This rule that pre-existed TCJA means R&D and management functions are not subsidized to benefit foreign income.
|FDII||Reduced tax rate for income (above routine profits) derived from exports|
The FDII is a tax break for US-based exporters of goods and services with high profit margins, which is meant to repatriate intellectual property.
This tax break increases when tangible investment in the United States decreases, which is an incentive to shift jobs offshore.
Tax incentives aiming at intellectual property have a poor record at attracting actual research activities.
FDII is currently under review by the OECD as a harmful tax practice and may violate WTO rules.
|Eliminate FDII but spend as much on new, unspecified tax incentives for R&D||Thoroughly reform FDII by:|
Redefining its base as income equal to a share of R&D expenses for activities carried out in the United States
Equalizing FDII and GILTI rates
|Scope||All US corporations are subject to GILTI and FDII||All US corporations are subject to GILTI||All US corporations are subject to GILTI||All US corporations are subject to GILTI and FDII|
|Oil & gas industry||Oil and gas industries are exempted from GILTI||Eliminates exemption for oil and gas corporations||All tax incentives for oil and gas industry are eliminated||Not addressed|
|Anti-inversion provisions||Weak anti-inversion provision||Corporations effectively managed from the United States or 50% owned by US residents are taxed like US corporations|
A higher GILTI rate increases the incentive to invert, hence the need for stronger anti-inversion rules
|Corporations effectively managed from the United States or 50% owned by pre-inversion shareholders are taxed like US corporations||Not addressed|
|Earnings stripping||No additional provision to counter profit shifting by manipulating interest rates on loans between related subsidiaries|
The GILTI and BEAT are meant to disincentivize all forms of profit shifting
|Limit deduction for interest payments to related parties|
The NTBOA does not touch on the BEAT, but this is an alternative way to reduce one of the main sources of base eroding payments
|Not addressed||Not addressed|
|Current Law and Rationale||FACT / ATF Positions||Biden Plan||Wyden Plan|
|BEAT||Tax on certain base-eroding payments (e.g., interest, royalties) to foreign related corporations.||Same as Biden plan||Replace BEAT with SHIELD, a new anti-base erosion tax modeled after the OECD proposal, which would apply only to base-eroding payments to related entities in countries that are not participating in the global agreement (GloBE).||Keep BEAT but amend it to preserve value of domestic tax credits; if revenue allows, foreign tax credits as well|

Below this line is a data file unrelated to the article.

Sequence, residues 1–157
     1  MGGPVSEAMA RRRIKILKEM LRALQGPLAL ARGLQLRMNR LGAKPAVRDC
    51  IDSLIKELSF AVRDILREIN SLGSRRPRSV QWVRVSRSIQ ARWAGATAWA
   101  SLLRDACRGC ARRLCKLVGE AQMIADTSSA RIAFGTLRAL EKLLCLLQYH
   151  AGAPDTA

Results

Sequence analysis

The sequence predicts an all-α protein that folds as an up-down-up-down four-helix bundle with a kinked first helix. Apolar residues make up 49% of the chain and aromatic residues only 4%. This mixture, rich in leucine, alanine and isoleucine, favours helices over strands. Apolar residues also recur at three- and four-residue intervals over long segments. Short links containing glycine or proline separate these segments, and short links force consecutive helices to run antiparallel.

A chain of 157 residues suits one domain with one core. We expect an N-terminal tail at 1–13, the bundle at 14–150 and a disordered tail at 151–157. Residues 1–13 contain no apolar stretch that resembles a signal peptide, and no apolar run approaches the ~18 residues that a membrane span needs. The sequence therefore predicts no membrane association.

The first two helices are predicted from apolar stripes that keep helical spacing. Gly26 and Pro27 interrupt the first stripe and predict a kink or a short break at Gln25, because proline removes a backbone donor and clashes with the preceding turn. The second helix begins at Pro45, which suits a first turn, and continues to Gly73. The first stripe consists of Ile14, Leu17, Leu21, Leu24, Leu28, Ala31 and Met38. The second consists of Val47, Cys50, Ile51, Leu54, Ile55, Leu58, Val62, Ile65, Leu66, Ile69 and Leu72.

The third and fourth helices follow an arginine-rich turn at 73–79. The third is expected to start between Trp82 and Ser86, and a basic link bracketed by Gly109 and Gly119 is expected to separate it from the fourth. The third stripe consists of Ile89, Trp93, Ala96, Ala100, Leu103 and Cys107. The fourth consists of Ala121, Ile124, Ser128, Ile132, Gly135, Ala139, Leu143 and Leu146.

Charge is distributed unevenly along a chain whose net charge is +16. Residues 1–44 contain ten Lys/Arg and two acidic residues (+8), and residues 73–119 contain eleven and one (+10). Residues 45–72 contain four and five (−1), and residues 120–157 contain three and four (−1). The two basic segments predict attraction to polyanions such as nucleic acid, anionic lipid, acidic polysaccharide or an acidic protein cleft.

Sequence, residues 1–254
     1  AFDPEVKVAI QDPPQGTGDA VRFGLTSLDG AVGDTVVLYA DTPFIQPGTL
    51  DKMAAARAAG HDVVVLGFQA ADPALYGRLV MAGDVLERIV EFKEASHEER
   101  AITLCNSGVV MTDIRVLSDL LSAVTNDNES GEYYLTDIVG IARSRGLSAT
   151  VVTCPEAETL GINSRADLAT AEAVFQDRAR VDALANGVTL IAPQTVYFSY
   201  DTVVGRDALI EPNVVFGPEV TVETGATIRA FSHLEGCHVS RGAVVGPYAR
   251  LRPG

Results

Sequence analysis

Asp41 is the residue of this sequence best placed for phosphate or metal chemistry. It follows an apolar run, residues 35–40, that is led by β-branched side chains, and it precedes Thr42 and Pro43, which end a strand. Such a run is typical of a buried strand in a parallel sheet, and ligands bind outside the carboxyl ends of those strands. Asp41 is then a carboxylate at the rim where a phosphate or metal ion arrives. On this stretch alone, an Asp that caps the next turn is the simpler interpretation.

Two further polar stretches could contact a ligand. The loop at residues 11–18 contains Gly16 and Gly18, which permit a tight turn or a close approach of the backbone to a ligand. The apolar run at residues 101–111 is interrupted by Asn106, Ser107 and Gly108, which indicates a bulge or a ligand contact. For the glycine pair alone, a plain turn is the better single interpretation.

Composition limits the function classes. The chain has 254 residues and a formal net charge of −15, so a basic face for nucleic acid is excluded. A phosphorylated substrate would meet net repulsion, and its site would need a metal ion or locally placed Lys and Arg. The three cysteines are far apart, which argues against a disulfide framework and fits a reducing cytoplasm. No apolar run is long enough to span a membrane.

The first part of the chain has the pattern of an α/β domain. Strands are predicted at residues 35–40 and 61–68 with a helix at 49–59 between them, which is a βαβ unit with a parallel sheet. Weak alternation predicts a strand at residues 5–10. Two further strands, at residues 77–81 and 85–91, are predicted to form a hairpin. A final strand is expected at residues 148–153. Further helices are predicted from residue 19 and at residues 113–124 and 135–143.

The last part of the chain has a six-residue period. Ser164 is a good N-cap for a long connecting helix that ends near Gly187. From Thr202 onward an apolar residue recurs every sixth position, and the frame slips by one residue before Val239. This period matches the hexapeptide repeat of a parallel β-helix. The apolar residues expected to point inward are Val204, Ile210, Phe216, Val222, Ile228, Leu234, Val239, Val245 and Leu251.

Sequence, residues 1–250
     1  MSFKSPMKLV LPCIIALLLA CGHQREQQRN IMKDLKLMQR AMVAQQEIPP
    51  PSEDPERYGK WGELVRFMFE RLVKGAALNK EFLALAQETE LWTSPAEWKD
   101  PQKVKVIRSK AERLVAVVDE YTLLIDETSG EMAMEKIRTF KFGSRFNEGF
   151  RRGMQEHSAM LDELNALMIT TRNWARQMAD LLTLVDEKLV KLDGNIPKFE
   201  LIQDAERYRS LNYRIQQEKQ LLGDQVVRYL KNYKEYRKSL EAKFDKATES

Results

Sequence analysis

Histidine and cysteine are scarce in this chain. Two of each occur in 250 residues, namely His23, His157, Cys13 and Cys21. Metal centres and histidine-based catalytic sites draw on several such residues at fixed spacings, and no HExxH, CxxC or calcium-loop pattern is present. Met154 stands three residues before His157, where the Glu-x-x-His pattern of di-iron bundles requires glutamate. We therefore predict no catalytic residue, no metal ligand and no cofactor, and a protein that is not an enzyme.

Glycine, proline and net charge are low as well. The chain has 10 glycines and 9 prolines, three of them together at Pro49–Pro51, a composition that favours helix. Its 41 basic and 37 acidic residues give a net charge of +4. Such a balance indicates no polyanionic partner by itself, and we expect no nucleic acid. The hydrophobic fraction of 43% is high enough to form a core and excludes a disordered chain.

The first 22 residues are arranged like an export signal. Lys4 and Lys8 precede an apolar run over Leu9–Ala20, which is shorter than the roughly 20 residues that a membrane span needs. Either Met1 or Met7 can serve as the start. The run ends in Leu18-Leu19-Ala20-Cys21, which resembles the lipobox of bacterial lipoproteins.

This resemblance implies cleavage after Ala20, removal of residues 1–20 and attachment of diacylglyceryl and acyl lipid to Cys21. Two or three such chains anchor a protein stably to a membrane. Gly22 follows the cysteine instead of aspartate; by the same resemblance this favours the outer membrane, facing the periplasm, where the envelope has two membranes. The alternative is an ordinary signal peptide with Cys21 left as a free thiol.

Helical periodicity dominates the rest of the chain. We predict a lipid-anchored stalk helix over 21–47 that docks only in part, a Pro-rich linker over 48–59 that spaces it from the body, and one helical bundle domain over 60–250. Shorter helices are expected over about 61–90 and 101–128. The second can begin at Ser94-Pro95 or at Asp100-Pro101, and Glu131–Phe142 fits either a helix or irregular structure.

|BEAT rate||10% (12.5% in 2026 and beyond)||Same as Biden plan||The rate would be the difference between the taxpayer’s effective tax rate in the payment’s recipient country and the GloBE rate (or the GILTI rate in the absence of a GloBE agreement)||Increase rate on base eroding payments|
|BEAT scope||Only US corporations with annual revenue above $500m are subject to the BEAT||Not addressed||Not addressed||Not addressed|
|BEAT exemption threshold||Only corporations that make more than 3% of their total deductible payments to foreign affiliates are subject to the BEAT||Same as Biden plan||Delete exemption threshold||Not addressed|
BEAT exclusion of Cost of Goods Sold
|Interests and royalties that are reflected in the cost of goods sold are not subject to the BEAT||Same as Biden plan||Include cost of goods sold in SHIELD base||Not addressed|
For easy-to-read blogs on TCJA’s international tax provisions, see:
- Didier Jacobs: https://politicsofpoverty.oxfamamerica.org/us-tax-reform-will-increase-poverty-and-inequality/
- Richard Philips: https://itep.org/post-tcja-international-system-still-leaking-hundreds-of-billions-in-profits/
For further resources on the individual provisions in the TCJA, see the following resources from the Tax Policy Center:
- GILTI: https://www.taxpolicycenter.org/briefing-book/what-global-intangible-low-taxed-income-and-how-it-taxed-under-tcja
- BEAT: https://www.taxpolicycenter.org/briefing-book/what-tcja-base-erosion-and-anti-abuse-tax-and-how-does-it-work#
- FDII: https://www.taxpolicycenter.org/briefing-book/what-foreign-derived-intangible-income-and-how-it-taxed-under-tcja